Six minutes a day – three in the morning, and three before bed. That is all the time it takes to maintain a sparkling white smile. These six minutes, however, may prove to be far more important to your future well-being than anyone could have ever imagined.
A recent study by a group of British researchers suggests that oral hygiene may play a role in the onset of dementia, specifically Alzheimer’s disease. The study found bacteria linked to gum disease in four out of ten brain tissue samples from Alzheimer’s disease patients. No signs of the bacteria were found in brain tissue samples from people of similar age who had not developed dementia.
Alzheimer’s disease is a common form of dementia that primarily affects the older population, normally over the age of 60. Common symptoms include short-term memory loss, disorientation, and an extreme mood and personality change. The World Health Organization suggests that the number of dementia cases will rise to 115 million by 2050. Alzheimer’s disease, although common, is incurable. While treatments do exist, they simply alleviate symptoms while still unable to remedy the cause.
The study, which was published in the Journal of Alzheimer’s Disease, outlines some of the possible ways these oral bacteria may have reached the brains of dementia patients. According to the team, the bacteria first enters a person’s bloodstream. This may occur through micro-scratches from a toothbrush, or through larger cuts or cavities, such as those caused by tooth removal and other surgeries. From there, the bacteria are free to spread anywhere within the body, including the brain.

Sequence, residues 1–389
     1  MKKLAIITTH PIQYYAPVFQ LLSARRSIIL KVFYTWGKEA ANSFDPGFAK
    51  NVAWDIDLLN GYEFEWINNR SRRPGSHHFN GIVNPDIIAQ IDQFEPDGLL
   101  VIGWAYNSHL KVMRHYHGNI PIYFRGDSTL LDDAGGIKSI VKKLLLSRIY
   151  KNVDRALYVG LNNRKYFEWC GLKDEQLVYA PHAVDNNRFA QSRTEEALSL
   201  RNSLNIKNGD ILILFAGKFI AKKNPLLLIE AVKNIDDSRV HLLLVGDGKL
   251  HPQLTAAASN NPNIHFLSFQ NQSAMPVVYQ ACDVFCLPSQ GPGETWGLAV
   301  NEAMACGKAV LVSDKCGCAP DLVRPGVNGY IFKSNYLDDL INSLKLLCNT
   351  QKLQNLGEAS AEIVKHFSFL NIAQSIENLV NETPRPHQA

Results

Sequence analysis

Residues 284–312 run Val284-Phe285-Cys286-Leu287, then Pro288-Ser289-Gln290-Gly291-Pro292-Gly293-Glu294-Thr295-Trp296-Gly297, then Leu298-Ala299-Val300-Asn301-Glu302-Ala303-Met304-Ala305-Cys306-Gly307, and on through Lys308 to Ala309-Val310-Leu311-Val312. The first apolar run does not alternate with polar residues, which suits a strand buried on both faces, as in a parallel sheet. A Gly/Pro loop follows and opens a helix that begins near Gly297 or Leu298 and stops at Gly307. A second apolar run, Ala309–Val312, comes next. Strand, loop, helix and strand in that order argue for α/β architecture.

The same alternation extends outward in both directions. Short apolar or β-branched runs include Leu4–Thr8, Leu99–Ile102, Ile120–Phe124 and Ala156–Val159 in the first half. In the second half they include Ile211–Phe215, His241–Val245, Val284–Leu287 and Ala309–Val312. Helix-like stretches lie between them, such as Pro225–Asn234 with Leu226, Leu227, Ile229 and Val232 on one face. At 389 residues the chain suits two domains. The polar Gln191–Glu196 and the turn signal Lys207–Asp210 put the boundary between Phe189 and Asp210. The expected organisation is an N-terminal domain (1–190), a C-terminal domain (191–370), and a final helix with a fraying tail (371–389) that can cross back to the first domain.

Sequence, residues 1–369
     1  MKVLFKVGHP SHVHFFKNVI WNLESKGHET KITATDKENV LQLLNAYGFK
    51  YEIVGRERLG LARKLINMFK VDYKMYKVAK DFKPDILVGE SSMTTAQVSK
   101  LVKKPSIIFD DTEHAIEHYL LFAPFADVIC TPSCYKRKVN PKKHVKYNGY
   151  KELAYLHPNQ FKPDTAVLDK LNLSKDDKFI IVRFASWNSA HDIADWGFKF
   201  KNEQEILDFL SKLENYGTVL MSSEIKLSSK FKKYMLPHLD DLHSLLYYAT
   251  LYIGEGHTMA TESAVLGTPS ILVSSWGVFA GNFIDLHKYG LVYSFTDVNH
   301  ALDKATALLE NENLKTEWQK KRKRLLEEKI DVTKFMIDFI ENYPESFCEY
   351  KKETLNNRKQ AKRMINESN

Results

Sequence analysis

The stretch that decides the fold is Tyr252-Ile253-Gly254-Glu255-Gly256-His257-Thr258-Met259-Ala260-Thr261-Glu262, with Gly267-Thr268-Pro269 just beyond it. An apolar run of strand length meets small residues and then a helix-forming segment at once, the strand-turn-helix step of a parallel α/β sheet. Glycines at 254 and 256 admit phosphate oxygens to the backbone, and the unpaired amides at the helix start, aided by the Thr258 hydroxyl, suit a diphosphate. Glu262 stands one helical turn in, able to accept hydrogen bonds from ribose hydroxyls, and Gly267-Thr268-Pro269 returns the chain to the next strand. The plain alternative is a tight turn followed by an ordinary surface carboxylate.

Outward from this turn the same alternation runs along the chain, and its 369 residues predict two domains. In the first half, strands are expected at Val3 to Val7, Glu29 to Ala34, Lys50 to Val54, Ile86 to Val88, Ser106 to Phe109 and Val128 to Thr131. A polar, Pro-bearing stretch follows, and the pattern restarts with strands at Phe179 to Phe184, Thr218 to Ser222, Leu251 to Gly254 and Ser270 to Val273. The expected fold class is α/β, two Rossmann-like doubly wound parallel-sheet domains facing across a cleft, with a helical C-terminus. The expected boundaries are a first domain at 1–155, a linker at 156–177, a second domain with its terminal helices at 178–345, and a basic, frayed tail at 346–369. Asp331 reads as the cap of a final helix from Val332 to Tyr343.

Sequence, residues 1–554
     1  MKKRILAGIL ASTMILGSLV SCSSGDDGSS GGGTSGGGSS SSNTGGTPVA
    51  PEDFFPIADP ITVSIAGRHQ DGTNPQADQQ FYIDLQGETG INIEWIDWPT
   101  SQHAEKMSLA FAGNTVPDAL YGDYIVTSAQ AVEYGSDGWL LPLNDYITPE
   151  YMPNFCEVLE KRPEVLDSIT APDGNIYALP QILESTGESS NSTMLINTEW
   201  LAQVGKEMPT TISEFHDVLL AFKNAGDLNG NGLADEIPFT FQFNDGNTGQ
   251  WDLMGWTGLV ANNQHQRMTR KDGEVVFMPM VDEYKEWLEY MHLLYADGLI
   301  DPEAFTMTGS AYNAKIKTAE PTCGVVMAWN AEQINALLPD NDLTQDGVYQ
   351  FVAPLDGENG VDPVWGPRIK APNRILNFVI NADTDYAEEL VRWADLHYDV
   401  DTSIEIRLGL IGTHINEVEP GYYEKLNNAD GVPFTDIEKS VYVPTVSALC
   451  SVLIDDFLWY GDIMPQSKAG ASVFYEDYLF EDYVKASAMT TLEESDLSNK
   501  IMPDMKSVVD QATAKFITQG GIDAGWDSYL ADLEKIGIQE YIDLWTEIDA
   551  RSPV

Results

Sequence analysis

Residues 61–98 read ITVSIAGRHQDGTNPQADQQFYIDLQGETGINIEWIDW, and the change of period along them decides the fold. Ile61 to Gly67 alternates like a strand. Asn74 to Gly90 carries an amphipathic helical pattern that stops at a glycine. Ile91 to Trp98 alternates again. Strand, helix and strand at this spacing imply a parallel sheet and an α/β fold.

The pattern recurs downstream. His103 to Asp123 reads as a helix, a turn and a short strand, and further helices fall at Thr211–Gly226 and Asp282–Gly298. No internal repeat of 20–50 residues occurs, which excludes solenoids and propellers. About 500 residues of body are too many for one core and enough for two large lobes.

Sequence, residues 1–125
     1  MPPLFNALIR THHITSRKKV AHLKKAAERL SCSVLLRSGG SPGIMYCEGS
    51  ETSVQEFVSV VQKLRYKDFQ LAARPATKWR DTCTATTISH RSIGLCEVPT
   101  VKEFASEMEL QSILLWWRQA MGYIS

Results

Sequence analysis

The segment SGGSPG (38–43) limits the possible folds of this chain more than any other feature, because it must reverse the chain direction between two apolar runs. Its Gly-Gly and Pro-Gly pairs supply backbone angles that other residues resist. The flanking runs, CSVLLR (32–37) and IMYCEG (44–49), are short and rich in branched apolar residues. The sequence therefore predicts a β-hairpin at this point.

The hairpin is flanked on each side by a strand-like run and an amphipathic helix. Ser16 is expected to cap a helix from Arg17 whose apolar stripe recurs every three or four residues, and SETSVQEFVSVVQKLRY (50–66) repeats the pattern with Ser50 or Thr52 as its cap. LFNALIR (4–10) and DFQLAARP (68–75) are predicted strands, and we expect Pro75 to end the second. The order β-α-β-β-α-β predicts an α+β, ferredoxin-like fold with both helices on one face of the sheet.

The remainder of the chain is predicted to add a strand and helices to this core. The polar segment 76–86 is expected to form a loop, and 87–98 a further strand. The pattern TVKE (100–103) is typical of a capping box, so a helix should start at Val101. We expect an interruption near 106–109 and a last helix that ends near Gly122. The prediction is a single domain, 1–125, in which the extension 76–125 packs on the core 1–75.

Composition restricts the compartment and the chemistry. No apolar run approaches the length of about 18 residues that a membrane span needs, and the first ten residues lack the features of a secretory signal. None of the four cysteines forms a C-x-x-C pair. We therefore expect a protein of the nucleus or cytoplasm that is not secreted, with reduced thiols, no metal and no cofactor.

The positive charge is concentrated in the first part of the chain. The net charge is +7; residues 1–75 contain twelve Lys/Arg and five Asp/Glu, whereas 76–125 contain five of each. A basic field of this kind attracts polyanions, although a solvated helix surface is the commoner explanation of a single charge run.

While the study did not directly explore the contribution of these bacteria to Alzheimer’s disease or other forms of dementia, the researchers do have some ideas regarding what role these bacteria may play in the onset of dementia. Dr. Sim Singhrao, lead researcher of the study, states that “we are working on the theory that when the brain is repeatedly exposed to bacteria (… ) from our gums, subsequent immune responses may lead to nerve cell death and possibly memory loss.”
According to Dr. Simon Ridley, head of research at Alzheimer’s Research UK, the UK’s top dementia research facility, this study is still in its early stages. Only a small number of samples were tested, and even fewer showed signs of bacteria linked to gum disease in Alzheimer’s patients. Dr. Ridley adds that “we do not know whether the presence of these bacteria in the brain contributes to the disease and further research will be needed to investigate this.”
Previous research has pointed to a connection between oral hygiene and general health. A 2010 New York University study even suggested a link between Alzheimer’s disease and gum inflammation. Dr. Simon Ridley believes that it is important for further studies to look back at dental records and correlate oral hygiene to the occurrence of dementia and Alzheimer’s disease.
As the link between oral hygiene and overall health becomes clearer, it becomes increasingly important for people to be aware of their brushing patterns. It may seem counter-intuitive, but while brushing may be one of the ways that gum disease bacteria enter the bloodstream, it is still of paramount importance to maintain good oral hygiene. This reduces the chance of bacteria developing within the mouth in the first place.
Simple habits – such as brushing and flossing regularly, rinsing thoroughly after meals, and regular dental checks – may go a long way in preserving not only your smile, but perhaps your mental health as well.